A Step Forward #6


Shane McGinnis

Illustration By Miranda  Sepúlveda

If you told me this year would be when I learned to be outgoing and engaging, I would’ve said you’re crazy. Somehow, I grew to be my most social in a time when the world was at its most isolated. 

When we started quarantine over a year ago, many of my Type A friends saw the isolation as their worst nightmare. The thought of not being able to invite friends over for a party or missing out on eating at their favorite restaurant was terrifying. However, it wasn’t like this for me. I lived a decently quiet day-to-day life before the pandemic. I didn’t get stressed if I ate lunch alone. I quite enjoyed the quiet time during my days. They allowed me to do what I wanted to do and not worry about others’ thoughts. My thought was if I invited someone, I’d need their input on the activity, but if I did something by myself, then it could be whatever I wanted to do. 

That being said, quarantine wasn’t the worst for me. I got to wake up and do things on my schedule. Much of the time that included at least a run during the day and a movie at night. That’s how it went for several months.  

Then I got a new job. Initially, I wanted this job, because I love the outdoors. I wanted to be able to hike, climb and kayak and get paid for it. It really sounded like the best of both worlds. Do what I like to do in my free time and earn a paycheck? Yes, please. The unintended side effect of the job is that I needed to talk to a large group of patrons every time I worked. The introvert in me that thrived in the isolation of COVID-19 was now thrust into a role where my main job was to make sure people enjoyed themselves. This led me to find out something new about myself. I realized that I didn’t hate being social. I didn’t despise having to make small talk with new people. I actually quite enjoyed it. Getting to talk to a new person can be incredibly interesting. Their thoughts, perspectives and ideas can give you new ways to think about a topic that you never considered before. During the fall semester, I looked forward to political discussions with my coworkers. With the patrons, we began to bond over the activities we did. As the semester went on, the same people came back week after week. As this happened, we got to build friendships. We didn’t just discuss climbing anymore but rather things going on in each other’s lives. I started to look forward to my shifts, so I could see how everyone was doing. These interactions gave a much-needed break from the monotony of virtual school. They allowed for a hint of normalcy when I was missing it in my classes.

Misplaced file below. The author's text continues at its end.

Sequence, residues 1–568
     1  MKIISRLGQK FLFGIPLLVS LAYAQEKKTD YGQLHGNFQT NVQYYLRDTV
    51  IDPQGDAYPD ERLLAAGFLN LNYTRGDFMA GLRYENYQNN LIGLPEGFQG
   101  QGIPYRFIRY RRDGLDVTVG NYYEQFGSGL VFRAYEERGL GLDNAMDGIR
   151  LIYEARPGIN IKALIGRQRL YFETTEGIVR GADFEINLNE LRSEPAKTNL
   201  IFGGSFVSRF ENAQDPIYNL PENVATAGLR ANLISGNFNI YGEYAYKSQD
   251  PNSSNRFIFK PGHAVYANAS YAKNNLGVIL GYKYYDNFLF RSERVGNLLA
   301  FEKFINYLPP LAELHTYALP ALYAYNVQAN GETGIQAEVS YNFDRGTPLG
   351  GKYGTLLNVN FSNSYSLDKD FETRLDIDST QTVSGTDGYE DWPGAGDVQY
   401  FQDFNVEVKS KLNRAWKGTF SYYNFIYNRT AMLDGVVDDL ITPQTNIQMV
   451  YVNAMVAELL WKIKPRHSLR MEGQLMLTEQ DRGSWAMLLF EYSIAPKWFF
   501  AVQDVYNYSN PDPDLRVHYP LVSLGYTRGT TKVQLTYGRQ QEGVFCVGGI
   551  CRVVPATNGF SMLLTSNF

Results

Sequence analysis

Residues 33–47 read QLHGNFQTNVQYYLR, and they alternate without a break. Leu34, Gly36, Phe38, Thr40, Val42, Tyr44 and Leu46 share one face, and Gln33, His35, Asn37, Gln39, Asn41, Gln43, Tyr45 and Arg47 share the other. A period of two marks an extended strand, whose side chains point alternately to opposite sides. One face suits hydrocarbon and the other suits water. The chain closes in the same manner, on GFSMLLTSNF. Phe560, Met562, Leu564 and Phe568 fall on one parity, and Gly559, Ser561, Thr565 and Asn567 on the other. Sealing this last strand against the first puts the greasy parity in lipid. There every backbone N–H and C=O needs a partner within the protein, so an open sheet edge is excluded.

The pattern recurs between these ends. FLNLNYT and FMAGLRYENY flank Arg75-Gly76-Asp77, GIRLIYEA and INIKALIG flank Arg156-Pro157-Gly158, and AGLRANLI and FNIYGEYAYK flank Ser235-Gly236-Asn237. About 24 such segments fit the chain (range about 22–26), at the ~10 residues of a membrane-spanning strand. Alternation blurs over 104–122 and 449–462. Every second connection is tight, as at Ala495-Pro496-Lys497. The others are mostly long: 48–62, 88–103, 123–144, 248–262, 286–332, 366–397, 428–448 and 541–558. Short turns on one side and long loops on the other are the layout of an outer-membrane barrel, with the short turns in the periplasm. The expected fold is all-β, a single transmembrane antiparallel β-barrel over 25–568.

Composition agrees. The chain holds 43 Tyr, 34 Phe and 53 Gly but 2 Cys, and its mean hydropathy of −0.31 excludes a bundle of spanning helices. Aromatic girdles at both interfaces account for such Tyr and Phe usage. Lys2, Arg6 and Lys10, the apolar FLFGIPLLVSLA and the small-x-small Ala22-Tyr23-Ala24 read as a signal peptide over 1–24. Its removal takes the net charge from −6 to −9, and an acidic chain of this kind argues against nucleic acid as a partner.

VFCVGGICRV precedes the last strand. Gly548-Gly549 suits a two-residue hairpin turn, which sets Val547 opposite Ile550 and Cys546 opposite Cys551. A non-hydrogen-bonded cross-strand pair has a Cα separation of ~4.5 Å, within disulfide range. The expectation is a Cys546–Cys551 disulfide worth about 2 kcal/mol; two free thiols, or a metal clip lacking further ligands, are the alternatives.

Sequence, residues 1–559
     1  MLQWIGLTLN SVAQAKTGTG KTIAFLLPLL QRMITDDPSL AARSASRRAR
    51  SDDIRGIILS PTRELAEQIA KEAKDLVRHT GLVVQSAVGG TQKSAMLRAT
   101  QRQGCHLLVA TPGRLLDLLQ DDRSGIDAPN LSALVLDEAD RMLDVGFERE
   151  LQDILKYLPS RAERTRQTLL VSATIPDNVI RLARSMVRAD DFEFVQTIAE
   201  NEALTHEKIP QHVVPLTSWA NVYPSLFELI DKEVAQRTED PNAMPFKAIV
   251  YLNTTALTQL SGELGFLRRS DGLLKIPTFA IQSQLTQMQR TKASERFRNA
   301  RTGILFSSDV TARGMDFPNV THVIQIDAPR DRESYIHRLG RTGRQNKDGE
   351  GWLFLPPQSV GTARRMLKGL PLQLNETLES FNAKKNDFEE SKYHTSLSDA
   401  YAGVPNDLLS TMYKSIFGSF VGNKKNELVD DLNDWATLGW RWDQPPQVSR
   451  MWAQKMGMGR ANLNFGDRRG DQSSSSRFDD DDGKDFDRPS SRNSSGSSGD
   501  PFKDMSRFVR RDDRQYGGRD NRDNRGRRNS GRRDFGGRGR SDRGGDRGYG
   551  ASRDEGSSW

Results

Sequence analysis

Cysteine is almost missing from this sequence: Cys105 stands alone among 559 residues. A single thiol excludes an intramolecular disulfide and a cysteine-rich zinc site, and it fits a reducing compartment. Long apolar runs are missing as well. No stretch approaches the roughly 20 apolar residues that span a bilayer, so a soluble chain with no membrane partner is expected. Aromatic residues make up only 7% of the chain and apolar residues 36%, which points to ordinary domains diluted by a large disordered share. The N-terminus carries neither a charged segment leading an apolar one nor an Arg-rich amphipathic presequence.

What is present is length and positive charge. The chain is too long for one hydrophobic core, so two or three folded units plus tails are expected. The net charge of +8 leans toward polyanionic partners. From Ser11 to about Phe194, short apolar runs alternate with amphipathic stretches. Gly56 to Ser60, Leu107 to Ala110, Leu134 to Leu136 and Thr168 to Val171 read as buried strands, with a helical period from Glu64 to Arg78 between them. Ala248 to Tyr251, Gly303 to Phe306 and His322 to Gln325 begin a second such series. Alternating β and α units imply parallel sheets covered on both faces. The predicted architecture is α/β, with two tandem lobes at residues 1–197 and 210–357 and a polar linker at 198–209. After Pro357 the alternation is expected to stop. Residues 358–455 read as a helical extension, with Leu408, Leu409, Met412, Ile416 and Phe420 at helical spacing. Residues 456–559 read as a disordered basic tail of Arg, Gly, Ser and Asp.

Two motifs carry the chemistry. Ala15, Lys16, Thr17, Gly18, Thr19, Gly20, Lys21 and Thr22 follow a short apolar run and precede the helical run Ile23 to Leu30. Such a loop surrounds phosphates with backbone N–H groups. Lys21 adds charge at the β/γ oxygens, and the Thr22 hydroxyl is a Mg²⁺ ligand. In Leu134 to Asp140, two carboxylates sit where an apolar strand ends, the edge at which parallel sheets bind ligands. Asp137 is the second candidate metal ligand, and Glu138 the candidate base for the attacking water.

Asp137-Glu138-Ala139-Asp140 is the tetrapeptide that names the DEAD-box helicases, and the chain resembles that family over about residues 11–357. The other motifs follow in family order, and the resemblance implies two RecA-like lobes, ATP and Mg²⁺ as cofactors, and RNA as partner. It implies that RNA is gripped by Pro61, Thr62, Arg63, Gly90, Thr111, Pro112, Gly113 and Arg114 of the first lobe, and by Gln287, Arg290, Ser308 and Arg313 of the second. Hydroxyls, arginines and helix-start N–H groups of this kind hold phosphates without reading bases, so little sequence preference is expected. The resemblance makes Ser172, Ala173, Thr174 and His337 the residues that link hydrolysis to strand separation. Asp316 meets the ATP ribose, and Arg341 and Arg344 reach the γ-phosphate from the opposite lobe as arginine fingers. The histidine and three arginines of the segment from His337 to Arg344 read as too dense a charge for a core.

It was important to me to realize that I didn’t need to impress everyone every single time I talked to them. I didn’t need to wow them with a new accomplishment or big idea every time I saw them. I just needed to be there and enjoy myself. Once I stopped putting so much pressure on these interactions, it became less of a chore and more of an opportunity. I’m very thankful for that realization.